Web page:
UN forum adopts new blueprint to face challenge of ageing global population
After five days of intensive work, the United Nations Second World Assembly on Ageing concluded successfully in Madrid today by adopting an action plan aimed at addressing the challenges brought about by the rapidly growing number of older persons around the world, particularly in the developing countries.
Responding to growing concern over the speed and scale of global ageing, the International Plan of Action, which contained over 120 recommendations, and the accompanying Political Declaration both stressed the "crucial" importance of incorporating ageing issues into all development plans as a way of coping with what has been billed as the main demographic challenge of the 21st century.
The forum's final texts, approved after a marathon negotiating session that stretched long into the night, focused on three main priorities: older persons and development, advancing health and well-being into old age, and ensuring enabling and supportive environments.
UN experts estimate that by 2050, there will be nearly 2 billion people aged 60 or older worldwide, with 80 per cent of them living in developing countries. Also by mid-century, the median age for the world population is expected to rise to 36 years from 26 years today.
In contrast to the First World Assembly in 1982 in Vienna, this week's forum placed high priority on the situation in developing countries, which have witnessed dramatic intensification of the ageing phenomenon. The Madrid Assembly also recognized that ageing was not simply an issue of social security and welfare, but one of overall development and economic policy. It also stressed the need to promote a positive approach to ageing and overcome the stereotypes associated with older persons.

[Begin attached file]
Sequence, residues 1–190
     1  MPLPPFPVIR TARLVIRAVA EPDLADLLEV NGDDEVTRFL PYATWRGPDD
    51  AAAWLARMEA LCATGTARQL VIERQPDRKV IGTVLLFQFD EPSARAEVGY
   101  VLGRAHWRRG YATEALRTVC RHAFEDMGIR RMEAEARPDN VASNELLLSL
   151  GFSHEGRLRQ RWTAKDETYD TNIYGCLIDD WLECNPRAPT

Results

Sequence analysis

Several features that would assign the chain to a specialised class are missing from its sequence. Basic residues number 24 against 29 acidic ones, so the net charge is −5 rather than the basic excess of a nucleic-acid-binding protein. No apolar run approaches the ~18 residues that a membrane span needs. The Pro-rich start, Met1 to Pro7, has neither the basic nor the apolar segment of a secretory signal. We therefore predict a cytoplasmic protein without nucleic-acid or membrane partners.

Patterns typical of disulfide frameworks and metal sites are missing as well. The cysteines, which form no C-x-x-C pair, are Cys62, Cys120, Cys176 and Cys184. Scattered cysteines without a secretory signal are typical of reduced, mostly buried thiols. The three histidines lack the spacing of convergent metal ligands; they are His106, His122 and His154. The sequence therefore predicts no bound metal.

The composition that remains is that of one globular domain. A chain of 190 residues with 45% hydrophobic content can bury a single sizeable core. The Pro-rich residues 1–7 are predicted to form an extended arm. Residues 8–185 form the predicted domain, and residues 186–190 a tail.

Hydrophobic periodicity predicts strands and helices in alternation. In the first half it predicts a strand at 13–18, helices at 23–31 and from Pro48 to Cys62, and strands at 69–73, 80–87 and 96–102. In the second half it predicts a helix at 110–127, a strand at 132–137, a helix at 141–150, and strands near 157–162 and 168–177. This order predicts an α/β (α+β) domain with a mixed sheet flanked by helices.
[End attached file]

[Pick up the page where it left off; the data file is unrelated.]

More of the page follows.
Stressing that the agreement on the final texts represented "a very successful conclusion" of the event, UN Under-Secretary-General for Economic and Social Affairs Nitin Desai called on the international community to take responsibility to support activities that will allow countries to manage the demographic change. The measures envisioned in the documents would be complemented by regional strategies and plans of actions to be approved by meetings held as follow-up to the Assembly, he told a press conference in Madrid this afternoon.
For his part, the Chairman of the Assembly's Main Committee, Felipe Paolillo of Uruguay, noted that ageing was a common problem for all countries of the world and that was the reason for organizing the Assembly. While it was true that the main responsibility for tackling the issue lay with governments, in many cases, countries did not know how to tackle the complex challenges of a rapidly ageing population, he said. The role of the Assembly was to provide governments with a blueprint for actions in the economic and social arenas.